Home > Shades of Midnight (Midnight Breed #7)

Shades of Midnight (Midnight Breed #7)
Author: Lara Adrian

Chapter One

Twenty-eight-hundred feet below the red single-engine de Havilland Beaver's wings, the broad swath of the frozen KoyukukRiver glistened under the morning moonlight like a ribbon of crushed diamonds. Alexandra Maguire followed the long stretch of ice-jammed, crystalline water north out of the small town of Harmony, the back of her plane loaded with supplies for the day's delivery run to a handful of settlements nestled deep in the interior.

Beside her in the passenger seat of the cockpit was Luna, the best copilot she'd ever had, aside from her dad, who had taught Alex everything she knew about flying. The gray-and-white wolf dog had been standing in for Hank Maguire for a couple of years now, when the Alzheimer's had really started taking hold of him. Hard to believe he'd been gone for six months now, although Alex often felt she had been slowly losing him for a lot longer than that. At least the disease that ate away his mind and memories had also ended his pain, a small mercy to be sure.

Now it was just Luna and her living in the old house in Harmony and making the supply runs to Hank's small roster of clients in the bush. Luna sat erect next to Alex, her pointed ears perked forward, sharp blue eyes keeping a steady watch on the mountainous terrain of the Brooks Range, its dark, crouching bulk filling the northwest horizon. As they crossed the Arctic Circle, the dog fidgeted in the seat and let out a small, eager-sounding whine.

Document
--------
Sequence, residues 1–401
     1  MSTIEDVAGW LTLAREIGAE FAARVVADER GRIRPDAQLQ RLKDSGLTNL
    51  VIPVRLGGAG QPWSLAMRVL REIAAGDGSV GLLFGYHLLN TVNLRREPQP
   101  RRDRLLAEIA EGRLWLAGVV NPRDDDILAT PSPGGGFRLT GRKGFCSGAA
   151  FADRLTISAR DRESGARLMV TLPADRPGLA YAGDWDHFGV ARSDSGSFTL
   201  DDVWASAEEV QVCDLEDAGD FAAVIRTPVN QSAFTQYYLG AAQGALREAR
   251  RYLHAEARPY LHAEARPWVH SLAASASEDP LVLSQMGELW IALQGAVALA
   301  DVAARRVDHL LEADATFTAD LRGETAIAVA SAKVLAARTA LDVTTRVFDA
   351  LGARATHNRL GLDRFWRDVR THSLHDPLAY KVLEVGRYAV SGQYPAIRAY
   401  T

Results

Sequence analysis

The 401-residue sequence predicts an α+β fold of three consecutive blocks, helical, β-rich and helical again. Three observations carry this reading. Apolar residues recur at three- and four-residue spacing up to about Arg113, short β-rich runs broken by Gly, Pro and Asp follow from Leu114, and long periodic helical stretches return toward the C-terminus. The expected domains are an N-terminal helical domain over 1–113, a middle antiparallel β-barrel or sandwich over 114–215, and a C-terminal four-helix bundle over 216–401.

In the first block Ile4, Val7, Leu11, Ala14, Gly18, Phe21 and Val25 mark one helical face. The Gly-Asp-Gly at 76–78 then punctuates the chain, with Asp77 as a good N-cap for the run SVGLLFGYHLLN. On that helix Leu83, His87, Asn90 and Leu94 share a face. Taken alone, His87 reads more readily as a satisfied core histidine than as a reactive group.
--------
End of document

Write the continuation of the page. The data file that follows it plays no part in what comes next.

"Don't tell me you can smell Pop Toms's moose jerky from here," Alex said, reaching out to ruffle the big furry head as they continued north along the Koyukuk's Middle Fork, past the small villages of Bettles and Evansville. "Breakfast is still twenty minutes away, girlfriend. Make that thirty minutes, if that black storm cloud over the AnaktuvukPass decides to blow our way."

Alex eyed the dark thunderhead that loomed a few miles up from their flight path. More snow was in the forecast; certainly nothing unusual for November in Alaska, but not exactly prime conditions for her delivery route today. She exhaled a curse as the wind coming off the mountains picked up speed and scuttled across the river valley to give the already bumpy ride a bit more gusto. The worst of it passed just as Alex's cell phone began to chirp in the pocket of her parka. She dug the phone out and answered the call without needing to know who was on the other end of the line.

"Hey Jenna."

In the background of her best friend's house, Alex could hear a Forest Service radio chattering about sketchy weather conditions and plummeting windchill factors. "Storm's gonna be coming your way in a couple of hours, Alex. You on the ground yet?"